The third problem of heavy foreign borrowing was perhaps politically the most challenging. Instead of attempting to dismantle its costly policy of providing employment security, the government committed itself to borrowing only in kronas. This policy was expected to impose discipline by reducing the government’s access to cheap credit, but it only transferred the foreign exchange risk from the government to financial institutions, which borrowed in international markets and then lent to the government in kronas.
Unfortunately, inflation never came down to the levels of Sweden’s trading partners. Maintaining the currency peg required high domestic real interest rates. The currency peg must have seemed credible because many Swedish companies borrowed heavily in foreign currencies to escape high domestic real interest rates. But as a result, those companies took on large exposures to exchange rate risk.
After the German unification, Germany’s real interest rates jumped as a result of high unification costs. The fixed exchange rate obliged Sweden to import the higher German real interest rates, pushing its own already-high domestic rates even higher. Once the rates became too much to bear, the fixed exchange rate became indefensible, and the Swedish financial system collapsed.
To this day, the labor market picture in Sweden shows the impact of their financial crisis (figures 3 and 4). While the Swedish unemployment rate has come down from its crisis peak and the labor force participation rate has somewhat recovered, neither has come close to its pre-crisis level.
Lessons for the U.S.
This brief flashback may contain a part of the explanation for why Swedish labor market statistics have not fully returned to their pre-crisis levels. One study of public sector employment policies published in 2008 by Hans-Ulrich Derlien and Guy Peters indicates that for many years, the labor market had been kept artificially tight by government policies that replaced disappearing jobs in failing industries with jobs in the government. The financial crisis was the breaking point of an economic system that had grown increasingly more unstable over a long period of time. It was a watershed event that marked the end of an unsustainable structure and the beginning of a new one. Public sector employment declined from 423,000 in 1985 to 240,000 in 1996 mainly through the privatization of large employers—like the Swedish postal service, the Swedish Telecommunications Administration, and Vattenfall, the electricity enterprise—and it has remained almost flat since then.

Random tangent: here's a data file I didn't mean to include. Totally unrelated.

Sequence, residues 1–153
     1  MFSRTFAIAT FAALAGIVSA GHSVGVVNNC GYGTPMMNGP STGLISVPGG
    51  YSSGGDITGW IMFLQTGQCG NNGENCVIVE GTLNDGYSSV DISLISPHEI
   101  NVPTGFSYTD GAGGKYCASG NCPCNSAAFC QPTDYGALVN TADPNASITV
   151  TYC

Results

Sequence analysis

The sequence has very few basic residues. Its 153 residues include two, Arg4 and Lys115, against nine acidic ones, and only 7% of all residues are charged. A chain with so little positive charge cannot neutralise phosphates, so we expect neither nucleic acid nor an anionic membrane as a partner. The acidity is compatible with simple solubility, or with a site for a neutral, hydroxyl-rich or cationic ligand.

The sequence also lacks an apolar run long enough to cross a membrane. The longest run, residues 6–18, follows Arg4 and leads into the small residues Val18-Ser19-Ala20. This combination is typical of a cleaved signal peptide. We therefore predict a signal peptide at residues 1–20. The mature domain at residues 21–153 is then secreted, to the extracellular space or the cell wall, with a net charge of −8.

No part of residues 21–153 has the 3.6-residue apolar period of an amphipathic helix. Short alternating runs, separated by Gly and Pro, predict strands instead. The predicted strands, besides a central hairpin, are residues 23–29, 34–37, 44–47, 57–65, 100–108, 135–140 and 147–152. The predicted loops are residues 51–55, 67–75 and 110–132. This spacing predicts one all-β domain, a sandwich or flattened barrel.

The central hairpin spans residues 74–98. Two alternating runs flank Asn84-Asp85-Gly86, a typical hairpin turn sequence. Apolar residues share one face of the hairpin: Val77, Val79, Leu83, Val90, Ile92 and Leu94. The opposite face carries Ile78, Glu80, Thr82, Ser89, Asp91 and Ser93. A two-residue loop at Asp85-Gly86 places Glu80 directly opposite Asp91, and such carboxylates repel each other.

With such a large structural change, what came before the crisis may no longer be a reference point for what will come after. Having corrected the root of the problem, the Swedish labor market is now operating at a new equilibrium.
Has there been such a structural shift in the U.S. labor market? A number of economists have argued that the housing boom hid some long-term weakness in the labor market that is becoming apparent in the wake of the financial crisis. There is some validity in the argument that during the credit and housing boom of the last decade many individuals developed skills in the construction, real estate, and mortgage industries that may no longer be needed going forward. However, economic models used at the Federal Reserve Bank of Cleveland suggest that structural issues are not the primary driver of sluggish job growth in the United States.
Instead, as I see it, there seem to be two culprits behind slow employment growth now, and they are not primarily due to skills mismatch. The first is reduced consumption due to the shock to households’ balance sheets. People consume less when they get poorer, and people did get poorer during this crisis when home prices crashed, especially when one considers households’ high debt loads (figure 5). So, for example, when consumers realize they can no longer draw on their home equity credit lines, they buy fewer cars, which means that workers lose their jobs in auto manufacturing plants. Auto workers remain unemployed not because their skills are stale but because the demand for autos (and other manufactured goods) has declined. Thus the situation in the United States is more of an issue related to the demand for products and the severity of the recession, not to the structure of the labor market.
The second culprit follows from the simple math of the labor market: unemployment will decline when more people find jobs than are losing them. The dynamism of the labor market—the rate at which people quit their jobs and find new ones—is a key determinant of how quickly the labor market will reach its equilibrium, which is currently estimated to be an unemployment rate of around 5 to 6 percent. For reasons still being researched by economists, the dynamism of the U.S. labor market has been slowing down for many decades. Even if the research determines that there is a structural reason behind the slowing job flows (an aging population could be one example), this is still a long-term process, unrelated to the upheaval created by the financial crisis.
What we observe in the job market today is consistent with what would be predicted from a deep recession and stunted recovery. Since Sweden’s labor market problems had structural features that we do not see in the United States, the Swedish experience would appear to shed little light on when the U.S. will achieve a full recovery.
The State at Work: Public Sector Employment in Ten Western Countries, Hans-Ulrich Derlien, and B. Guy Peters, 2008. Edward Elgar Publishing, U.K.
“What Explains High Unemployment? The Aggregate Demand Channel,” Atif Mian and Amir Sufi, 2011. NBER working paper no. 17830.
“This Time May Not Be That Different: Labor Markets, the Great Recession and the (Not So Great) Recovery,” Murat Tasci, 2011. Federal Reserve Bank of Cleveland, Economic Commentary, no. 2011–18.
“Maximum Employment: What We Know (and Don’t Know) about the Labor Market,” Federal Reserve Bank of Cleveland Annual Report, 2011.
Link to the original paper